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Wednesday, October 21, 2015

'Me' Theatrical: Ship of Faux in Neo-Modern 'Truman Show'

Me (2014) Poster

The indie comedy "Me," recently of the Marfa Film Festival, is an always amusing and frequently hilarious commentary on reality shows. The blurred lines between reality and "reality" include writer/producer/director/star Jefery Levy, who is also the creative force behind the recently reviewed sensual drama "The Key," playing retired pioneer reality show producer Levy. The fictional Levy hires long-time friend Susan, played by long-time Jefery friend Susan Traylor, to makes changes designed to enhance the fictional ratings of the show "Me" that only exists in his mind.

The fictional Susan, in turn, makes an unwitting Levy the center of an actual reality show that does air. In this respect, the latter becomes a modern version of Truman Burbank, who is the central character in the 1998 Jim Carrey film "The Truman Show." Confused? You won't be after watching the awesomely titled "Me."

Susan then goes about casting actors to play the "real" people in the life of Levy. Standouts include hiring quirky actor Steve Agee to play "alternate Levy" and hunky constantly shirtless scene-stealer Noah Mills playing wonderfully frenetic bodyguard Mills. His dancing alone makes "Me" the film and the reality show both worth watching.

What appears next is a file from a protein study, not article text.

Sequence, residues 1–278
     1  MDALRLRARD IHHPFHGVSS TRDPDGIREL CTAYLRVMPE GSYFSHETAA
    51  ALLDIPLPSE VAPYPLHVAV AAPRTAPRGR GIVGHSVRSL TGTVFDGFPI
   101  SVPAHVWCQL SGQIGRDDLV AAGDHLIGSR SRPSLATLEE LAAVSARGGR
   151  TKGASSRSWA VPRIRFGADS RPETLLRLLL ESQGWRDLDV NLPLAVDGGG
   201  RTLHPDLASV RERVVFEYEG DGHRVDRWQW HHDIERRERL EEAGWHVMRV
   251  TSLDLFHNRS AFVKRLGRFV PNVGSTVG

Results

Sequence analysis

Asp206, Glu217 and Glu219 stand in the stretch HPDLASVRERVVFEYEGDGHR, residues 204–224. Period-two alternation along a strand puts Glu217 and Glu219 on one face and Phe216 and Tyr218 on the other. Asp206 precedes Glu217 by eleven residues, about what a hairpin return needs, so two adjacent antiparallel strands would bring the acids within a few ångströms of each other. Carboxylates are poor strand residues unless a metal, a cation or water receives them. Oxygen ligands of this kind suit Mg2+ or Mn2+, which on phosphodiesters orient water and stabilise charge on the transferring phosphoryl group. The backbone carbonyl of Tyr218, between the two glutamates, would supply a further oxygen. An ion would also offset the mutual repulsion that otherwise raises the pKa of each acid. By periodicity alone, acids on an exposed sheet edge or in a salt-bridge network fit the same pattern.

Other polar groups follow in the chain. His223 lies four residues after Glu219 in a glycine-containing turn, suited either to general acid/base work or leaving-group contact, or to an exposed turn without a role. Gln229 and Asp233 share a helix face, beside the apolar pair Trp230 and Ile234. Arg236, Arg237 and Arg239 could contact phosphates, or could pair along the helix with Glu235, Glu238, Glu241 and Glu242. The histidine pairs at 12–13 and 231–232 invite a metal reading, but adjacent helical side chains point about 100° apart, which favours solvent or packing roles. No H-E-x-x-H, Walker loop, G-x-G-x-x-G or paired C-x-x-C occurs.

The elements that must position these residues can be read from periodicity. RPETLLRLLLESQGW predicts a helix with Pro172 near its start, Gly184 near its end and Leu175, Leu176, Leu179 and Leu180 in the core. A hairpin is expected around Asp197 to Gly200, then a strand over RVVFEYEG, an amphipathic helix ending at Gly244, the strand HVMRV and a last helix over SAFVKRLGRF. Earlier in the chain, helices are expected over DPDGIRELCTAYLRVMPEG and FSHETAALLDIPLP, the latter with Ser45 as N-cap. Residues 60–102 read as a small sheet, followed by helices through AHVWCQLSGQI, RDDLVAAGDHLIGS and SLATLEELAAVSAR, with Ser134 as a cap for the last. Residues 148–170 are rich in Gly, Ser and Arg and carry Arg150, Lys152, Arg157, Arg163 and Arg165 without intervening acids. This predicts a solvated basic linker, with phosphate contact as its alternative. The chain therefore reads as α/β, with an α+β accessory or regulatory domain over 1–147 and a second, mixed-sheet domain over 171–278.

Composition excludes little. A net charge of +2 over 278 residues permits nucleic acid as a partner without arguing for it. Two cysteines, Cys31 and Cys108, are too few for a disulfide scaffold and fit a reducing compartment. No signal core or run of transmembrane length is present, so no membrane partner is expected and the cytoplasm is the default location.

Much of the humor relates to a clueless Levy not being in on the joke regarding not knowing that he is making a show other than the one that is airing. In this respect, he is like Chance the gardener in the classic Peter Sellers film "Being There."

The real humor and drama ensue when the lines between reality and "reality" truly blur for an oblivious Levy and a fully cognizant Susan. These include a real-life nefarious plot and the real reality show becoming a hit.

The overall vibe of this melange of elements in "Me" evokes especially strong thoughts of the (unreal TV reviewed) June 2015 indie comedy "L.A. Slasher." That one has a comparable cast of '90s stars and centers around the titular maniac preying on reality-show archetypes who are famous merely for being famous. The message in both that film and "Me" is that reality shows ain't real and those who star in them are not worthy of our time. Fortunately, these two films are worth watching.

Anyone with questions or comments regarding "Me" is encouraged to email me; you can also connect on Twitter via @tvdvdguy.

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